8. Thanks for the compliments,”Matata” has been bred in my house and i was the veterinarian who severed the umbilical cords of all the 6 kittens delivered by his dam Matahari in 2009.He is very stocky and robust, a tough tomcat who could fight out any cat for “Territorial Rights” of his house!Sadly, he is a total failure as a “STUD CAT” for my intention was of breeding a indigenous “Persian cat” breed accustomed to humid Mumbai climate.At times he has severely mauled his dam Matahari and on one occasion i had to take her to the vet for medical treatment.He is an excellent pet and keeps the house active with his joker antics like the one in which he is photographed.

  9. A candid photo of my 4 year old orange Traditional Persian cat “Matata”, a familiar cat on “P.O.C”. I clicked this photo early in the morning(Thursday 5-9-2013) with a flashlight.He sometimes jumps onto the basin eagarly awaiting his morning meal.He is the “Alarm Clock” of the house and wakes us up daily approx between 0500 to 0600 hrs, “Meooowing” loudly.He is almost dog-like in behaviour and the clown in the house.

  10. It’s a very confusing colour of cats. Some people say orange, some say red, some say ginger.
    Are they three different colours?
    Does each colour have different coloured eyes to the others?
    I’ve never taken much notice of the colours of cats because to me they are all equally as beautiful, so it doesn’t matter really what colour they are.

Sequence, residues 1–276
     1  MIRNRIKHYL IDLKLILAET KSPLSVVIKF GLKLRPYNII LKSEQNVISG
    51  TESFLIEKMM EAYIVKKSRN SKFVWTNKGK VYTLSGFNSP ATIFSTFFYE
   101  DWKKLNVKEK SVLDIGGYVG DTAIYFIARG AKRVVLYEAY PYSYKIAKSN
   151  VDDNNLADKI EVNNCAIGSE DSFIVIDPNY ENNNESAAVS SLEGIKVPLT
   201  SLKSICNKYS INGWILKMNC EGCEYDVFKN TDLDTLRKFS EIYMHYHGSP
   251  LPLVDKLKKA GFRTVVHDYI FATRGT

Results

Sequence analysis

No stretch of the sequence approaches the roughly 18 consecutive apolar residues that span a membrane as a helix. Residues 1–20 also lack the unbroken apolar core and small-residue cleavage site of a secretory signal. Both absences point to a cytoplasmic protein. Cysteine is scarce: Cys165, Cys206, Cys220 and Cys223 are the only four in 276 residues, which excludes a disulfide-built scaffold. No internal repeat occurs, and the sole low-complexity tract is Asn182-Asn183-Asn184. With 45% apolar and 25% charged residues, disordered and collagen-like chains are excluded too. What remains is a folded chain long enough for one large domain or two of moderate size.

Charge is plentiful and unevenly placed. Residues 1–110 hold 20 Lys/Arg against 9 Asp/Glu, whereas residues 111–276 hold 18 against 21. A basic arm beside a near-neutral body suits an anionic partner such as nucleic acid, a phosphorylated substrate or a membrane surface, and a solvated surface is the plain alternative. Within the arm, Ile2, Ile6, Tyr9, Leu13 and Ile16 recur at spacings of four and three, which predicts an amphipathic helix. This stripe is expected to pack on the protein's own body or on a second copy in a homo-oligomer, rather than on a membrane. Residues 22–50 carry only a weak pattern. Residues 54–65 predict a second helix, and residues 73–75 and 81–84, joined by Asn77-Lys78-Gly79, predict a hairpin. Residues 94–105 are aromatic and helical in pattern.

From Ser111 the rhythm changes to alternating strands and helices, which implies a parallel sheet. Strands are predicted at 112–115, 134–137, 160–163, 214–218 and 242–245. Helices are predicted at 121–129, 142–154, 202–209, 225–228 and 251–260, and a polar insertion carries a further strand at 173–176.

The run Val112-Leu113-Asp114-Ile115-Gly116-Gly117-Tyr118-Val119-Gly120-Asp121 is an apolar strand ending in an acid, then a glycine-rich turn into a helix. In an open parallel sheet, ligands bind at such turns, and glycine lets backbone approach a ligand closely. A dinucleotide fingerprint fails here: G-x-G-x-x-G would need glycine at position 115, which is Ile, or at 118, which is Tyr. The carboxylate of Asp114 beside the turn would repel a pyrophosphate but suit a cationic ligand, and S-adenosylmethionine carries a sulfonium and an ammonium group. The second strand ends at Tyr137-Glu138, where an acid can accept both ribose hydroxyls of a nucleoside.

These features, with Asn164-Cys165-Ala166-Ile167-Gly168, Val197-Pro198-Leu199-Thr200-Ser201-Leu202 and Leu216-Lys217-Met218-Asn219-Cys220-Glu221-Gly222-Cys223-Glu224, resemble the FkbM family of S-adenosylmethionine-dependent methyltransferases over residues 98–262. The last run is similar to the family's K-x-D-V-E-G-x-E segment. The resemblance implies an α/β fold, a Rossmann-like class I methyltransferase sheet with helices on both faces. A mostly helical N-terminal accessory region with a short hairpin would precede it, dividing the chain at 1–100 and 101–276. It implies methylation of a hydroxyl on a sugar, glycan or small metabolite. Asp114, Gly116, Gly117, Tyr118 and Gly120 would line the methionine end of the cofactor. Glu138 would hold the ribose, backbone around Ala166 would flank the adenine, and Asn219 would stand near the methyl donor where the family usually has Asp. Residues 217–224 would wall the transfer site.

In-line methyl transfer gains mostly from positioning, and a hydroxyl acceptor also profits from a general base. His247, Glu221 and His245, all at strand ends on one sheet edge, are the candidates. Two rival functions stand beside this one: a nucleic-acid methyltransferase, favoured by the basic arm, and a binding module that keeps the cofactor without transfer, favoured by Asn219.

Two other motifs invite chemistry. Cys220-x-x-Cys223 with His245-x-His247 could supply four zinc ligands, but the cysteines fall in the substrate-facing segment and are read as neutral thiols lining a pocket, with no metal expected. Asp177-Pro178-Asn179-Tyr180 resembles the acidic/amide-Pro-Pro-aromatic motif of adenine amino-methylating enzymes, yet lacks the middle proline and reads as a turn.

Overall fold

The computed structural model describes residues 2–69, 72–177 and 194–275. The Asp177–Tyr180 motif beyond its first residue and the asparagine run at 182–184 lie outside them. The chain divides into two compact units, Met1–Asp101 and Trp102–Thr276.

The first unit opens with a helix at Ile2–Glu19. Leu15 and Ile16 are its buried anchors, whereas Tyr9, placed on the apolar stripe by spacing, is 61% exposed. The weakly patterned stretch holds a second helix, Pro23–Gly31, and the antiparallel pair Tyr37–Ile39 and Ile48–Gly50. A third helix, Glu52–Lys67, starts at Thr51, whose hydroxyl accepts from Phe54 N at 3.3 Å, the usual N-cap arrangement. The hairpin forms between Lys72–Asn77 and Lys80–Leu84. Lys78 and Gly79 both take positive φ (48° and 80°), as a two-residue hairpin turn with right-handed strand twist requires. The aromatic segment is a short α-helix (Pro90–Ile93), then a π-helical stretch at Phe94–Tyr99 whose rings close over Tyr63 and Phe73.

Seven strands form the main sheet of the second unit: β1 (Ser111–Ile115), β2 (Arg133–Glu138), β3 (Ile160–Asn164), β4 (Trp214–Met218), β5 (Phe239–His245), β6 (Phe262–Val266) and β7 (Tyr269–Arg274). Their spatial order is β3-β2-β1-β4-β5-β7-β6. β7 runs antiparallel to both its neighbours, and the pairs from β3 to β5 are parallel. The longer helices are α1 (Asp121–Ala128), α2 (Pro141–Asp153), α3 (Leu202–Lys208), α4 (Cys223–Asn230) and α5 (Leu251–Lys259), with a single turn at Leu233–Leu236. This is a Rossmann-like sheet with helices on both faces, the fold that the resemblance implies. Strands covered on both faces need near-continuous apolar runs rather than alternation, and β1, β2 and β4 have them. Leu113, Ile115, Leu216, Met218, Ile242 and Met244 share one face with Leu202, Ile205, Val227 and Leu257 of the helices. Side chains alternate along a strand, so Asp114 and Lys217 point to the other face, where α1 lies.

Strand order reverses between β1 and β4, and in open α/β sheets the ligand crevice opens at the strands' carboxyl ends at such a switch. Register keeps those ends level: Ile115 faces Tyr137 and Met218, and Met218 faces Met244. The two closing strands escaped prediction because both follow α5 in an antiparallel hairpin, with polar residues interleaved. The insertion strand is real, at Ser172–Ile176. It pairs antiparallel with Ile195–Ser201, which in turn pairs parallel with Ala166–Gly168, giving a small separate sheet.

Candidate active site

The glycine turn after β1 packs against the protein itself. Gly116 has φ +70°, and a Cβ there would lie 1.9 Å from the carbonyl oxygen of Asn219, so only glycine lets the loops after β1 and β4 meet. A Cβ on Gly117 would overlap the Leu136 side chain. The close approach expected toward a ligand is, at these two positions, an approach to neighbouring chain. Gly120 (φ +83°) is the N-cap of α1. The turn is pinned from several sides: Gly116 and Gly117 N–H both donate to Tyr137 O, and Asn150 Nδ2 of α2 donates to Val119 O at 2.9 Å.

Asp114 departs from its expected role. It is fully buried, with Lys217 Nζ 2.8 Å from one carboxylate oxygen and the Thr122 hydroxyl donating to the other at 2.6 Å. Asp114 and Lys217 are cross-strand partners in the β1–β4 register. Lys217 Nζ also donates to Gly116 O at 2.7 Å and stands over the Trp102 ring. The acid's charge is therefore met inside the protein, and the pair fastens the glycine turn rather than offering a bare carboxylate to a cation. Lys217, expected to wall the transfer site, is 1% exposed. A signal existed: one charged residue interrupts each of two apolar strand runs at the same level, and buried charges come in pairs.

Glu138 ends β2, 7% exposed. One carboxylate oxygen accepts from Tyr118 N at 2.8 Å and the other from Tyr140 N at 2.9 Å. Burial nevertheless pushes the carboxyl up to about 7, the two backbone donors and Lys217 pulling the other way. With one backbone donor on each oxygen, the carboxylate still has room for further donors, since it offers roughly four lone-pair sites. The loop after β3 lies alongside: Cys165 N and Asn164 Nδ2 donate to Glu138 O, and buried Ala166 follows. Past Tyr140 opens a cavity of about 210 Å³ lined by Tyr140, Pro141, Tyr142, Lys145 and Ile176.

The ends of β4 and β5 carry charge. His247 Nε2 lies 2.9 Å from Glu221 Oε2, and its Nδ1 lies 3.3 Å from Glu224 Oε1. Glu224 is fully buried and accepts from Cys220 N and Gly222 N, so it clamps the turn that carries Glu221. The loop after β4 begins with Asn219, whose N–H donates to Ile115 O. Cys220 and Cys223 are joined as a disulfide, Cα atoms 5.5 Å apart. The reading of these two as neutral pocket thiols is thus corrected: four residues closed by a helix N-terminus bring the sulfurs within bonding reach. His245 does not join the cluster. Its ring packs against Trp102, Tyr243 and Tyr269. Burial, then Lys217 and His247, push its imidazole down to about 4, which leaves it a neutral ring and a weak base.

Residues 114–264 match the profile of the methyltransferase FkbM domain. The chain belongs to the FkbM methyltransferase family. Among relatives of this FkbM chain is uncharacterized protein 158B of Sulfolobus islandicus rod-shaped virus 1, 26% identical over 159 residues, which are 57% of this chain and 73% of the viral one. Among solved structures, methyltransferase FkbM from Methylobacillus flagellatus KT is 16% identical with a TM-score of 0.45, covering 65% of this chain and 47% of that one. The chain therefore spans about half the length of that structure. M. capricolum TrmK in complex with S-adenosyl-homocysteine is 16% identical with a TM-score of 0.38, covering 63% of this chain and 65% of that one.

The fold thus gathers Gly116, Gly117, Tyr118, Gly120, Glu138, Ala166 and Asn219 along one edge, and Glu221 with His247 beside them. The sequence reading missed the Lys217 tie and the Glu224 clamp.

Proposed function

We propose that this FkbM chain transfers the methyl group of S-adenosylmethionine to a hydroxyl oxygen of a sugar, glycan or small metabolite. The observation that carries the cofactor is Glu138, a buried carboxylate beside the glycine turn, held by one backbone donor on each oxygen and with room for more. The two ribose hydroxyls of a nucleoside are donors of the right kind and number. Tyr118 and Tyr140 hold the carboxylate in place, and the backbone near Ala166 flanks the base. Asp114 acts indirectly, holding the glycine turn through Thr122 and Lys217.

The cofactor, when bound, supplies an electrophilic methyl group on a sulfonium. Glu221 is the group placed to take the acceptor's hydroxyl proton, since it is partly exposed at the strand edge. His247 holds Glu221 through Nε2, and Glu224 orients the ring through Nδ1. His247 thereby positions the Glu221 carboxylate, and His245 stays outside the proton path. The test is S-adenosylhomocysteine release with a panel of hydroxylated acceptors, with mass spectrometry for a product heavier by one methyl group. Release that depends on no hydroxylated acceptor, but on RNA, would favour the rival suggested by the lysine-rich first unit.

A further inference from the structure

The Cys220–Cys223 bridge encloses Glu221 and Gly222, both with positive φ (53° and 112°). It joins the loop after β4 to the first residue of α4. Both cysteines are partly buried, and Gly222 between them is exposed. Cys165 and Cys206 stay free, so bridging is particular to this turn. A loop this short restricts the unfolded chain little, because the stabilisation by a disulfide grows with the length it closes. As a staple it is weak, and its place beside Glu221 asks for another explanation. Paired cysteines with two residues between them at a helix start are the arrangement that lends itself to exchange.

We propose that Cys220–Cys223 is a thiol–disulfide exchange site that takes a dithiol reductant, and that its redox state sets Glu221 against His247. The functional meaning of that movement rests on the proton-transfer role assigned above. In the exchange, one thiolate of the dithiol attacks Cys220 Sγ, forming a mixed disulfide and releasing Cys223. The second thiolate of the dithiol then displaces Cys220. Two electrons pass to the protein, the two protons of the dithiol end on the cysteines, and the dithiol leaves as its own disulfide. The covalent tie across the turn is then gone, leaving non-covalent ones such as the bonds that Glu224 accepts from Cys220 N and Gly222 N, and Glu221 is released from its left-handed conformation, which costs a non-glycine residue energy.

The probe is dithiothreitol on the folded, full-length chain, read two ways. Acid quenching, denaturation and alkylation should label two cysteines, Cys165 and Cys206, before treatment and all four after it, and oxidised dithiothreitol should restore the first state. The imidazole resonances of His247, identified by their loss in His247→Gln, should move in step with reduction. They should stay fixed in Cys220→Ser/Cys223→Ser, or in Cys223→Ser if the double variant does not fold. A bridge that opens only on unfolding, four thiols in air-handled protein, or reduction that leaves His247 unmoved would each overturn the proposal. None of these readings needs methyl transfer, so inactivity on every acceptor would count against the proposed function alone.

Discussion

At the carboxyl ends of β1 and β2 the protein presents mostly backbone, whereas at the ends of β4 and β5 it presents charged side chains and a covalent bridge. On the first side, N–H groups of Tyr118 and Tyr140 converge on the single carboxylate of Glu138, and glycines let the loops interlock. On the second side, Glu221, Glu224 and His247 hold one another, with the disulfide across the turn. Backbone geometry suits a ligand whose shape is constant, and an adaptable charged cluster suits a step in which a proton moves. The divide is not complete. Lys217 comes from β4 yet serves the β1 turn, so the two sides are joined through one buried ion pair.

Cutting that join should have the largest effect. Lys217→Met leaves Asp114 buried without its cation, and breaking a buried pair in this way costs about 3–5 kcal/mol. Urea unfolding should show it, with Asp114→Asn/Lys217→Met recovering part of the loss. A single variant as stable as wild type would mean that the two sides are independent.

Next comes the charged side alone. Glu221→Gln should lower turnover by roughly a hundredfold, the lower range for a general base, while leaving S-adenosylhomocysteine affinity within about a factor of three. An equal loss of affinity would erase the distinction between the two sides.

• It is confusing. Red, yellow, orange and ginger all describe the same colour and they are always tabbies. As to eye colour – good question 😉 Not sure about the answer. My gut feeling is that it varies. When the coat has some white it may affect eye colour causing blue eyes (eyes that lack pigment). We discuss orange cats quite a lot and I have decided I like them! But as you say, all cats are equally beautiful.

  11. Oops — Above is 10 year old Isold – Male Ginger and white.

    This is my all time favorite Ginger Maine Coon cat. He is British and was the RHC/RCKC Avatar for seven years. I LOVE this kitty.

    I call this King George. I have permission to use this picture.

  12. Harvey, I wondered if most of the female gingers were solid red/orange/yellow. The only females I’ve known were strays and I they could of been fixed, but they seemed to all be female to me. I was quite young, so my thoughts may be a bit off.

    With that said, I haven’t met a ginger female tabby that I know of. I have not met that many I where I haven’t known the sex, but those I knew/know are male.

    Here is one of my long time favorite Maine Coons from Really HUGE Cats/ Really CUTE Kittens and Cubs —
    Copyright All rights reserved by astakatrin

      • Are we including orange with white? Because I have seen alot of mixed orange and white females but I’ve never personally seen and entirely orange female.

        • As usual this is a good question. I would say that we are including orange and white. The white is there because of the piebald gene but the reason for the orange coat is still the same one. As I see it, we have orange tabby modified by the piebald or white spotting gene. The former is superior to the other. What are your observations on the percentage of orange tabby cats that are female? I could well be wrong by the way and I can’t find an answer in research.